Hybrid publishing is a new model of publishing in which an author works with a publishing company but pays to publish in exchange for higher royalties. Some in the publishing industry disregard this new category because the idea of paying to publish suggests (to them) poor quality, like the books that vanity presses produced years ago. However, hybrid publishing is not vanity publishing. The hybrid press vets books before agreeing to publish them and offers active distribution.
The new model is a win-win: presses can afford to put out more books, contributing their knowledge and clout, and authors have additional venues to approach and the opportunity to make larger royalties—over 50 percent, compared with about 10 percent with traditional publishers.
Unfortunately, the publishing world is cluttered with scam artists, and the various publishing models that now exist create confusion and enable these scammers to take advantage of authors. Many companies have started using the word “hybrid” since hybrid publishing has gained some acceptance.
Standards for Hybrid Publishers
To help legitimate hybrid presses and authors continue to connect, this month the Independent Book Publishers Association (IBPA) announced a set of criteria for hybrid publishers. If you’re an author interested in working with a hybrid publisher, the criteria can help you filter your options.
Here’s a summary of the criteria:
- A hybrid publisher has a mission and a vision, and doesn’t just publish a mishmash of books.
- A hybrid publisher vets submissions, rather than publishing anything it can.
- A hybrid publisher has a knowledgeable person or team producing books under the publisher’s imprint, with the publisher’s ISBNs.
- A hybrid publisher’s books meet industry quality standards; readers should not be able to tell them apart from traditionally published books.
- A hybrid publisher uses approved editors and designers to produce professional books.
- A hybrid publisher manages a variety of rights for the book (print, digital, and possibly others like audio and foreign-language) or negotiates with authors who want to keep some rights.
- A hybrid publisher provides distribution beyond simply making the book available online. This can involve sales reps who actively market the book or targeted outreach, and also involves listing the book with wholesalers. The publisher should have a marketing strategy for each book and assist the author in carrying it out.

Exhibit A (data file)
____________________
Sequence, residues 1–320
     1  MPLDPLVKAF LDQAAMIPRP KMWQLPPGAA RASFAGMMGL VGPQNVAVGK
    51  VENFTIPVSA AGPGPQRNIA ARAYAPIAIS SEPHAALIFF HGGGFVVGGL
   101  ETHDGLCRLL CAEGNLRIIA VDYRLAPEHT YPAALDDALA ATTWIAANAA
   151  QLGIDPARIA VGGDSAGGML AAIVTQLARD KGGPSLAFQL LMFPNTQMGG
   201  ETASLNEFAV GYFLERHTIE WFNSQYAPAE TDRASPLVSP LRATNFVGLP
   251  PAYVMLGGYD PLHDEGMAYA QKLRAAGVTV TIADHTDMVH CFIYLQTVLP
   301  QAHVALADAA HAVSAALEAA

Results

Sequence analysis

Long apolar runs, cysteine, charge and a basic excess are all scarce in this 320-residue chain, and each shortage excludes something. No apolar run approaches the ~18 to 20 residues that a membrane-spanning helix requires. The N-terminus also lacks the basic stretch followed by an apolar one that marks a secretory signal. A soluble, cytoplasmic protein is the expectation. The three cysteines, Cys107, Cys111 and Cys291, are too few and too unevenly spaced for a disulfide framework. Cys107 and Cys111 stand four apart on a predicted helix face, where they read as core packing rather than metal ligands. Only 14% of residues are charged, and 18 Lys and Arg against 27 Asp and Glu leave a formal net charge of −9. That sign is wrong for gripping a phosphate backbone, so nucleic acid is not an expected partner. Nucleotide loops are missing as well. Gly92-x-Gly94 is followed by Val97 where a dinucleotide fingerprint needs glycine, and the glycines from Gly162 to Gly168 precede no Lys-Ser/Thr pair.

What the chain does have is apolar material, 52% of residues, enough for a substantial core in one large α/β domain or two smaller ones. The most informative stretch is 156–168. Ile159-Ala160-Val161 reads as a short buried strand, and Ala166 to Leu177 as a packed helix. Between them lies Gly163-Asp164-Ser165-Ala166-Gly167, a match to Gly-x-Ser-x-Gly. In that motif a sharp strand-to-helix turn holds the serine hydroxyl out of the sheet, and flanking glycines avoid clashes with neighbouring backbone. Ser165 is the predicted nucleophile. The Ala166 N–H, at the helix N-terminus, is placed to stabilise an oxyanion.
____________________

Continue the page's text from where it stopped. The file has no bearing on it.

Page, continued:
- A hybrid publisher should have several books that show respectable sales.
- A hybrid publisher pays higher royalties than is standard in the industry, usually greater than 50 percent of net on both print and digital books.
You can view the IBPA’s full criteria here: http://www.ibpa-online.org/page/hybridpublisher (click on the “expanded details here” link to see the detailed version).
Tips for Authors
In a webinar last month, the IBPA’s Brooke Warner shared these tips for authors investigating hybrid publishers:
- Ask about the criteria listed above: does the publisher vet submissions, partner with authors on marketing, and have some form of active distribution?
- Get physical copies of books from the publisher, to make sure they look and feel like “normal” books
- Demand transparency: ask about any additional costs beyond what’s covered in the publishing package and about royalty rates
- Talk to the publisher’s authors; asking for referrals is normal, so it’s a warning sign if the publisher won’t share author names
- Ask if the publisher qualifies for traditional reviews; some companies still suffer from the stigma of being an author-subsidized press
- Check the publisher’s website to see if it looks professional
- See what kind of response you get after contacting the publisher, and trust your instincts if the response seems lacking
She also shared these best practices for authors considering hybrid publishing in general:
- Educate yourself about publishing and the hybrid experience
- Read about different hybrid models and see if one press’s model feels better than others
- Only approach a hybrid publisher if you are ready to go the hybrid route—don’t do it while your agent is still trying to sell your book to traditional publishers
- Before approaching, consider your publicity ideas; most hybrid contracts do not include publicity
Hybrid publishing is an exciting new option for today’s authors, and will contribute more good books to the world!
Note: A hybrid author is someone who publishes both traditionally and non-traditionally and is not related to a hybrid publisher.
Posts on this blog are copied from Emily’s blog at http://emilybuehler.com/news/. Subscribe to that blog for more practical tips for authors, editors, and self-publishers, as well as occasional news on Emily’s writing and events.